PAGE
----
As the U.S. Senate prepares to vote on what will likely be the final version of the 2019 National Defense Authorization Act (NDAA), some senators are making a final push for the original ban and penalties targeting Chinese telecom company ZTE to be reintroduced via an addition to the legislation.
The US Commerce Department has lifted an export ban that blocked Chinese mobile giant ZTE from doing business with US companies.
The ban stripped ZTE of its access to crucial US -based suppliers, including Qualcomm. However, Trump later announced a deal with ZTE in which the Chinese company would pay a $1 billion fine for its trade violations, as well as replace its entire management and board by the middle of July. The ban was imposed after the USA government determined that ZTE violated terms of a 2017 settlement, reached after ZTE illegally shipped United States equipment to Iran and North Korea.
After ZTE had completed the last of its required punishments by depositing US$400 million into escrow to dissuade any future indiscretions the US Commerce Department lifted all remaining bans in place on ZTE. So while this whole saga is not over entirely, ZTE are free to go about their business in the meantime and we hope that it is for a long time.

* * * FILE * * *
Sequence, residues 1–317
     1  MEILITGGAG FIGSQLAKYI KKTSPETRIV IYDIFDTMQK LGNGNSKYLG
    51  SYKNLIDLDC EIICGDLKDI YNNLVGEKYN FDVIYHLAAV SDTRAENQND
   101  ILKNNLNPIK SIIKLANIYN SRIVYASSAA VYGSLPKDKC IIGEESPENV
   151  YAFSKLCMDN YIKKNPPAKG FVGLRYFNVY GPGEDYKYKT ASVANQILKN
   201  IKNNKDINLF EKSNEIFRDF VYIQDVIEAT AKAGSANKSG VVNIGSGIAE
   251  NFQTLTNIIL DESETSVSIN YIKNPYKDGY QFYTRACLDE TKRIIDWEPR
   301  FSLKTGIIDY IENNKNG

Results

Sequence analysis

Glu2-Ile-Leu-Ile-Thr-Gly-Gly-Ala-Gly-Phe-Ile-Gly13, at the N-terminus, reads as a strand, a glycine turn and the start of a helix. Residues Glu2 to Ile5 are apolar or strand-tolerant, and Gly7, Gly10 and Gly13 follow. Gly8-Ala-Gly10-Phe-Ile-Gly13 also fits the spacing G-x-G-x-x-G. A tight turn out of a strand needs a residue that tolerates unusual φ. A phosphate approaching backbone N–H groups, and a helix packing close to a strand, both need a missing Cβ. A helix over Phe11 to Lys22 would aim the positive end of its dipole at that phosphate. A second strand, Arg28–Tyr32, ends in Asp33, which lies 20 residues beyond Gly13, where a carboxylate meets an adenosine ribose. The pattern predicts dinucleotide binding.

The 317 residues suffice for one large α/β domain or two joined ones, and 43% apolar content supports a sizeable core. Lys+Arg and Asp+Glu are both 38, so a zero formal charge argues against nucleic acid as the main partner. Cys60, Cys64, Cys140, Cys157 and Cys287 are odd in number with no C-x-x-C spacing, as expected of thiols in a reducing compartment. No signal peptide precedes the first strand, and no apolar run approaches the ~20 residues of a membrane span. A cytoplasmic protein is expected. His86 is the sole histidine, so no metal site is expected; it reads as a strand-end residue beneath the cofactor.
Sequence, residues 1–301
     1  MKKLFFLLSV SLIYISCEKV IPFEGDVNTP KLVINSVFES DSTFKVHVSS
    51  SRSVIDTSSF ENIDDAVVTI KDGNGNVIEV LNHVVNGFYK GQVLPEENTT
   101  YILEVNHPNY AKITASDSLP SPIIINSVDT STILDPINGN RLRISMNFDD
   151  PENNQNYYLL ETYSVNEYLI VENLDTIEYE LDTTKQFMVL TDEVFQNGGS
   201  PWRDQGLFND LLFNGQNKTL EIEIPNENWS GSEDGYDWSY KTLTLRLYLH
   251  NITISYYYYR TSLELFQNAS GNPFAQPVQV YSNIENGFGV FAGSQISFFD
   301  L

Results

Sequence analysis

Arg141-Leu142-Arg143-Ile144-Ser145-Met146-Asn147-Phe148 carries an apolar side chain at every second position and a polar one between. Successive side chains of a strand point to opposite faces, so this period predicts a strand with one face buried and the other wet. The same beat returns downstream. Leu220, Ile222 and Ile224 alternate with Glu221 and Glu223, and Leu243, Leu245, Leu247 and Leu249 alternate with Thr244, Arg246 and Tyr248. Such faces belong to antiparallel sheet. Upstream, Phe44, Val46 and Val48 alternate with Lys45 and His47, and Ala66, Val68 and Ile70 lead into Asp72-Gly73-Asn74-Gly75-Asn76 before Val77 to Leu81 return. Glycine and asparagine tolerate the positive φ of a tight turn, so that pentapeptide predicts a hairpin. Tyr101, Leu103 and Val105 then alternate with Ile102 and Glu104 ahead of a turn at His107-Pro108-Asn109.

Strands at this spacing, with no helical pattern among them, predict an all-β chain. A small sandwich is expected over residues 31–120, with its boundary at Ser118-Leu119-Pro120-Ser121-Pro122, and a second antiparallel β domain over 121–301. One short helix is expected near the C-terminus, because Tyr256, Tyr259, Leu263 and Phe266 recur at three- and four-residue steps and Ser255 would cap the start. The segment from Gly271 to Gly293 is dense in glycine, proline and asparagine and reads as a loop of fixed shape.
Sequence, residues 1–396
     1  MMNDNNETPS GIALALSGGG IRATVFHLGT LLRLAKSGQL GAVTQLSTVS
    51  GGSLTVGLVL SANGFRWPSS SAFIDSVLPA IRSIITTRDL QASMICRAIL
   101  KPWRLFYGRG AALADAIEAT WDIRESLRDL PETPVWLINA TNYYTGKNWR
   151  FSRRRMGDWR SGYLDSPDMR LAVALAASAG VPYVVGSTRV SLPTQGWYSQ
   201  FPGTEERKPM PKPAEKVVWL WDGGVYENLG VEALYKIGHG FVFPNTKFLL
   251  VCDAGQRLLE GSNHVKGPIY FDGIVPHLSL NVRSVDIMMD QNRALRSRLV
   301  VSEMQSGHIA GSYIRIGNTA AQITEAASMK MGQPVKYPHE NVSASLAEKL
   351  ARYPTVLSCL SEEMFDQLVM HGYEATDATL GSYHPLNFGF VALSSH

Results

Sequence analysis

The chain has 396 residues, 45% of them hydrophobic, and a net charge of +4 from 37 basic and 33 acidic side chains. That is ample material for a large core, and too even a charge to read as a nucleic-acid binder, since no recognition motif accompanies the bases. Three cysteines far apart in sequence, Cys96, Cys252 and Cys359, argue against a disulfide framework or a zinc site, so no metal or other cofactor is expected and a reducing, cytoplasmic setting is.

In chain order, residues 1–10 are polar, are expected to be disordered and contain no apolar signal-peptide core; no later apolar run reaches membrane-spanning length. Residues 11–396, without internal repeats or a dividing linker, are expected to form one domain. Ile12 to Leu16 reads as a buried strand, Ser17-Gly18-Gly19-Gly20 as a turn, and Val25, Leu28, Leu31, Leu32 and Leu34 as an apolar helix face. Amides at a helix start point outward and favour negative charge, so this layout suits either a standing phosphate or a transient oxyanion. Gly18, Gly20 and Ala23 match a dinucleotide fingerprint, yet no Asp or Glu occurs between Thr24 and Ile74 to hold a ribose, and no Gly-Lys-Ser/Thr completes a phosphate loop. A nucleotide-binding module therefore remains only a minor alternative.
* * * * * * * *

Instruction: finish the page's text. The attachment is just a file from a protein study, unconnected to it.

"As ZTE is finally near the end of the tunnel, we believe its current stock price incorporates an overly pessimistic view on the settlement".
Many U.S. lawmakers see the company as a national security threat and, on Thursday, a group of Republican and Democratic U.S. senators urged that ZTE's penalties be reinstated.
The Commerce Department said Friday that these measures were the "harshest penalties and strictest compliance measures ever imposed in such a case".
A US investigation into ZTE was launched after Reuters reported in 2012 that the company had signed contracts to ship hardware and software worth millions of dollars to Iran from some of the best-known USA technology companies.